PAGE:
We watched a Long Now talk last night by Nils Gilman, entitled Deviant Globalization. I first ran across Gilman in a shorter talk from a couple of years ago about the global illicit economy — black markets. He describes deviant globalization somewhat differently. Trade can be perfectly legal, and still deviant. He used the example of US men arranging trysts with 14 year old girls in Canada… which amazingly could still be considered legal until 2008, since 14 was the nationwide age of consent. Sure, it was legal, but who really thought it was okay? So deviant globalization represents a kind of moral arbitrage. Demand exists for goods and services which are proscribed in different ways, to different degrees, in different places. Sometimes they’re socially taboo, and sometimes they’re outlawed, but in all cases there exists a kind of moral disequilibrium gradient that can be exploited.
What united all these extralegal commodity flows […] was the unsanctioned circulation of goods and services that either because of the way they are produced or because of the way they are consumed violate someone’s ethical sensibilities.
One of his main points is that the steepness of that moral or regulatory gradient translates pretty directly into profit margins. Cocaine increases in value by 1400% when you bring it across the US border. This creates incredible incentives to get around the rules, even at great risk. This is why Prohibition rarely works as a policy. Any attempt at eradication financially empowers those who are willing to continue taking the risks you’re able to impose.
Continue reading Nils Gilman and Deviant Globalization: The Graying of the Markets
We watched a Long Now talk last night, by Orville Schell (currently a fellow of the Asia Society in New York) entitled “China thinks long term, but can it re-learn how to act long term?” His main point was that China is, even to the Chinese, filled with internal contradictions. That both as a nation and a culture, it is to a greater degree than any other nation of consequence in the world, essentially unresolved. To this end, he painted two pictures of China today: first optimistic, and then dark, but both to his mind true.
Continue reading China and Continuum Privatization
I can’t believe how much I enjoy the Long Now talks. Thoughtful and intelligent people, usually talking about things I happen to think are important, and interesting. I almost feel like it’s a re-invention of the oratory form. I’m glad they’ve gone to the extra effort of doing a high quality production, with decent microphones, and well illuminated speakers in front of a dark background, multiple camera angles and only occasional (but necessary) cuts to the slides on screen. Not all thoughtful and intelligent people are good orators, but I guess I’m willing to put up with some unnecessary “um” and “uh” syllables thrown in if the ideas on offer are good enough.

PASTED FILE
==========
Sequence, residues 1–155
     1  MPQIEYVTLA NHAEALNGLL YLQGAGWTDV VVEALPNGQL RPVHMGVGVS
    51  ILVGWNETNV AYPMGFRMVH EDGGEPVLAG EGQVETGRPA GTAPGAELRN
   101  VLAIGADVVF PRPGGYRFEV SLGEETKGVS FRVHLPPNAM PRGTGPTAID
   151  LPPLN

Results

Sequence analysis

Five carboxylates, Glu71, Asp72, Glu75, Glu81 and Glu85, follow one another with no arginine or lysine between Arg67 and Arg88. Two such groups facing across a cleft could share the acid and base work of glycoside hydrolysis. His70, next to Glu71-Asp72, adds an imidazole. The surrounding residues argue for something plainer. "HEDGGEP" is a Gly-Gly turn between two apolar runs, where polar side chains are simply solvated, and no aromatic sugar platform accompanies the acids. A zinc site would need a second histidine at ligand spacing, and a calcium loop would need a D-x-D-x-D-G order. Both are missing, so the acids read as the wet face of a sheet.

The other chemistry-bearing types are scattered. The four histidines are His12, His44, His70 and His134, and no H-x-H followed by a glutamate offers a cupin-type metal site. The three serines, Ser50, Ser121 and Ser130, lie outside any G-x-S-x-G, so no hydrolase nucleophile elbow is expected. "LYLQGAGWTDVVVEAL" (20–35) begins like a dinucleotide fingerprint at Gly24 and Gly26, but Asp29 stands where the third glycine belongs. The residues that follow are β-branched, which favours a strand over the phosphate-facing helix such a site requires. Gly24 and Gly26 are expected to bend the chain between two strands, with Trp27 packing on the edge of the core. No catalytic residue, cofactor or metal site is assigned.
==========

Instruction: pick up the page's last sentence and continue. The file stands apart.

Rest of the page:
Michael Pollan gave a recent talk, unsurprisingly to a full house (it’s SF after all), entitled “Deep Agriculture“, which was largely, but I think not entirely, a synthesis of his previous books. The first point he made was that America’s healthcare costs, our industrialized agricultural system, climate change and the ultimately limited supply of fossil fuels are really all part of the same system of issues.
We spend roughly twice as much per capita on healthcare as do the twenty nations which have longer life expectancies than we do. A significant portion of that excess spending is on chronic “diseases of the rich” which are intimately linked to diet: obesity, heart disease, diabetes, etc. At the same time, we spend a smaller proportion of our incomes on food than any other nation in the world, and probably any other nation in history. If our cheap diet is generating high healthcare costs, then it isn’t really all that cheap.